At the end of 2013, I brewed my oatmeal toffee stout. The idea was that I would end up with a stout featuring smooth - not overpowering - roastiness, some complex malt character, and some sweet tones. Specifically, I was hoping to end up with a noticeable toffee flavor in my beer.
I framed up what looked like a solid recipe with the input of /r/homebrewing and Designing Great Beers, as well as inspiration from Yooper of Homebrewtalk.com and Jamil Z. I decided to go fairly low on the crystal malts, and to stick to crystal 40 and 60, as the descriptions I read suggested that these yielded the most toffee flavor. I picked a yeast strain (WLP004) known to throw a little diacetyl - the idea being that a slight butter flavor would combine with the caramel from the crystal malt to give toffee. Finally, on brew day, I boiled down a gallon of my first runnings into a little over a quart of syrup, a process that would supposedly really help the caramel and toffee flavors to bloom.
I bottled this beer after four weeks in primary, and in contrast to my typical patience, I opened the first one just after two weeks in bottles. Luckily for me, carbonation was already solid.
A week later, I have enjoyed a few of these beers, and feel pretty confident in assessing what I have.
Appearance-wise, it's a very attractive stout. The color is black as midnight in the glass, though if you hold it up to a strong light, you'll notice that the beer is quite clear, and you get some dark red highlights bleeding through on the edges of the glass. A get a finger's worth of dark tan foam that leaves a cap which hangs around through the entire glass.
Aroma is dark malts, bready, toasty. No detectible hop presence at all (which is to be expected, as I only used a bittering addition).
Mouthfeel is nearly perfect for the style - nice body, delightfully creamy on the tongue. Carbonation level is a little lower than I personally prefer, but it's certainly acceptable.
Taste... ah, yes. What I've been waiting for.
Flavor, to me, is very reminiscent of Samuel Smith's Oatmeal Stout - a smooth roast is the first thing on the palate, and it really runs the show. I get some definite toastiness, and enough of a malt backbone to hold its own, with some nice complexity to it. Sadly, though, I have clearly missed the mark on the caramel - and especially, the toffee - flavors I was shooting for. There is very little sweetness at all to this beer, and the caramel notes that are there are quite subtle. As for toffee... if it's there at all, it is too mild for me to pick up.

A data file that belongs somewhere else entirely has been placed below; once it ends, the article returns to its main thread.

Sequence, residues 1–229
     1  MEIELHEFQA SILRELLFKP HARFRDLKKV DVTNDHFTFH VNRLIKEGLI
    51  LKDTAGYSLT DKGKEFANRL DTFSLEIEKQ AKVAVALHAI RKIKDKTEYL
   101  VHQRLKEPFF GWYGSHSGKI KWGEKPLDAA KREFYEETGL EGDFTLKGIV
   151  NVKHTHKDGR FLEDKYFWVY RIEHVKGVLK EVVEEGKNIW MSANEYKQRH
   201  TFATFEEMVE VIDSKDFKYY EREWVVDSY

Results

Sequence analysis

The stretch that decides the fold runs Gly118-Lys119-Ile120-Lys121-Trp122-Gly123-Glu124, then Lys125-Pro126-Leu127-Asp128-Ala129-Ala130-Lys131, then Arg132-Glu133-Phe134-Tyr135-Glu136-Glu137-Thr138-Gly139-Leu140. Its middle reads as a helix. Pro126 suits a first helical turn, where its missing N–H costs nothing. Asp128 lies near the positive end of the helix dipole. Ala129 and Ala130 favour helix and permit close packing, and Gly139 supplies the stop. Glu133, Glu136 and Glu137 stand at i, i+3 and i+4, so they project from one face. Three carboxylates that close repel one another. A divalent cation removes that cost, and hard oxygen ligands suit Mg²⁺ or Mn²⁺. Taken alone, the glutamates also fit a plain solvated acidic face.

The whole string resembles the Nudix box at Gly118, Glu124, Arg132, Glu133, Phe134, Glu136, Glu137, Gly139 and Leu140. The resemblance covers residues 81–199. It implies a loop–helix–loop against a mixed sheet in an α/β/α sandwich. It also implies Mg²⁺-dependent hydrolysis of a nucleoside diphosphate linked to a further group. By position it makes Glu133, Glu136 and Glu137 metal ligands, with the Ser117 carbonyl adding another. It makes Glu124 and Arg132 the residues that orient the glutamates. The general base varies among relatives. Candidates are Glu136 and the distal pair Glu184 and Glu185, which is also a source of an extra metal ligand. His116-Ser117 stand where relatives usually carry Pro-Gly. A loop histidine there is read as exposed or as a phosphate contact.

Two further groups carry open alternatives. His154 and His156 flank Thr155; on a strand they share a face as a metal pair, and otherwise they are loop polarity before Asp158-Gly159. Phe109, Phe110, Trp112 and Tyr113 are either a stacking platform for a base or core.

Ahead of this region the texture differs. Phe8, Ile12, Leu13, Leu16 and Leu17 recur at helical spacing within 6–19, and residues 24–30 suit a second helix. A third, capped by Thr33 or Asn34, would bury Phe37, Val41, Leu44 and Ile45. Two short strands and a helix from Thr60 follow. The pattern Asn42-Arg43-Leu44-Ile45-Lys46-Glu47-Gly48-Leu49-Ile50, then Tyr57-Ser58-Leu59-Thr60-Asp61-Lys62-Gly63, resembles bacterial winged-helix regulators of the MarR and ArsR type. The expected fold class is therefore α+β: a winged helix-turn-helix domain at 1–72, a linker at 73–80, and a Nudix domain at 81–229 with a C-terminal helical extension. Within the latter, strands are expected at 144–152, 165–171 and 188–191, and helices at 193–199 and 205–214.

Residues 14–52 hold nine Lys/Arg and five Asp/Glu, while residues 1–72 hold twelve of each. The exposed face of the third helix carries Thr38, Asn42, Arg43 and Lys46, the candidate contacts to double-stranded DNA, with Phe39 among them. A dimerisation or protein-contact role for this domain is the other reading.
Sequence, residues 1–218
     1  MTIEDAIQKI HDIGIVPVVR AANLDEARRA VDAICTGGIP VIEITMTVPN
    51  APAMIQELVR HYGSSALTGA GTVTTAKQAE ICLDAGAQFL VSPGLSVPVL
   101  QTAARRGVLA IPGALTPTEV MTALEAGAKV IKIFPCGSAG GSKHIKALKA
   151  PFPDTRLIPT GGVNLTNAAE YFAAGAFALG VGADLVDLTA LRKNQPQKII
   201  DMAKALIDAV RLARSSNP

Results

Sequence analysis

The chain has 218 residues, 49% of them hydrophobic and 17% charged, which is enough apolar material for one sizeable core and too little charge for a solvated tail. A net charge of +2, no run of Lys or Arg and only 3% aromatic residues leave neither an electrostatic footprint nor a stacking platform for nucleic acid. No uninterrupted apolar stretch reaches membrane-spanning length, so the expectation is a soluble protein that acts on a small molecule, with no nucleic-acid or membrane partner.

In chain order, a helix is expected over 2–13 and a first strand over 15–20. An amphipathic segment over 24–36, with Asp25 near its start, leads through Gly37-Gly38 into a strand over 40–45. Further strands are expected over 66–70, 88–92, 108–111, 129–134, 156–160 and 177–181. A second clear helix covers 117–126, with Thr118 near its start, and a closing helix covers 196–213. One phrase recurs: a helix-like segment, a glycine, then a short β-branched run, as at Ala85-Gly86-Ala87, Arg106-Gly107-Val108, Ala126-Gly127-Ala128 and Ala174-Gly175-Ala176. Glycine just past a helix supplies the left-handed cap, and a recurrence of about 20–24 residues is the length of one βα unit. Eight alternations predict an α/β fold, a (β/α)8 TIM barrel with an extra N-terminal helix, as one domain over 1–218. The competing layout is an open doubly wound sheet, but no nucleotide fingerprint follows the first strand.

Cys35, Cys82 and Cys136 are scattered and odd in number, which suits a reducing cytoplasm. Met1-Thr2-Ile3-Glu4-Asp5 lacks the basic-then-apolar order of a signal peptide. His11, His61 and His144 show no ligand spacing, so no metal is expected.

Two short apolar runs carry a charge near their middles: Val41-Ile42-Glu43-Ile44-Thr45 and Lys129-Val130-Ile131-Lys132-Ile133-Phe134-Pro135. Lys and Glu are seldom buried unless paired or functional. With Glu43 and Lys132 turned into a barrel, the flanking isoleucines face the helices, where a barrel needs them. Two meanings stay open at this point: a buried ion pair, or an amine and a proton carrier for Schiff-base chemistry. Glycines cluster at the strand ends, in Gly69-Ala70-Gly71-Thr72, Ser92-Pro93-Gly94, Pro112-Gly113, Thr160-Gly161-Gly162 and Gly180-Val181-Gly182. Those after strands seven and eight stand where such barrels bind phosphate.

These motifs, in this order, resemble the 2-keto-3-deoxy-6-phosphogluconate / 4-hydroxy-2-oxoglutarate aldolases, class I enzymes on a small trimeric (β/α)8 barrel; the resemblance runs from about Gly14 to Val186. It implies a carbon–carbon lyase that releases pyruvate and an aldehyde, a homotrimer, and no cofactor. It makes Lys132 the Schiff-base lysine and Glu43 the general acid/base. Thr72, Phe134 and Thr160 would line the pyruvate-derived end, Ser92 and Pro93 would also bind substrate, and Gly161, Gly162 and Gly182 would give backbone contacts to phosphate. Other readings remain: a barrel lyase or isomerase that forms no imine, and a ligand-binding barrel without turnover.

If I let the beer get quite warm, the sweeter flavors bloom to a degree, but I still never pick up on the toffee that I was hoping for.
Understand, this is very much a delicious stout. It's definitely a failure, but it's a very enjoyable variety of failure.
In the meantime, I have gone back to the drawing board on the subject of toffee flavor in beer. Originally, I wanted to achieve the flavor simply through grain selection and process, but after my failure, I started looking at adjuncts (particularly, D-45 candi syrup and Lyle's Golden Syrup). Further homework suggested that candi syrup was not the way to go for a stout, and the Lyle's connection seemed tenuous at best (most sources say it has little flavor contribution).
I ended up tossing out a shot in the dark to Kristen England via Twitter, as he had once mentioned toffee flavor from Lyle's in a blog post. Kristen England, to the uninitiated, is a celebrated, award winning homebrewer, and the head brewer at Bent Brewstillers (formerly, Pour Decisions), located in the Minneapolis area. I didn't expect much, as I was pretty sure that Kristen had better things to do than to discuss recipe formulation with the likes of me, but lo and behold, he responded pretty promptly to me on Twitter, and ended up swapping several messages on the subject. He kindly took a look at my recipe and gave me some suggestions - namely, to drop the Victory malt altogether, to up the total roast malts to the 10%-12% range, and to swap out the crystal malts with much darker versions (120L - 150L range) and up them to 8%-10% of the grain bill.
That kind of feedback - from someone who really knows what they are talking about - is amazing. Major props to Kristen for the help!
Now, to dispose of these two cases of "flawed" stout, and to plan for version two of this beer...
Tags for this post: oatmeal, toffee, stout, caramel, beer, flavor, taste, review, homebrew, brew, brewing, home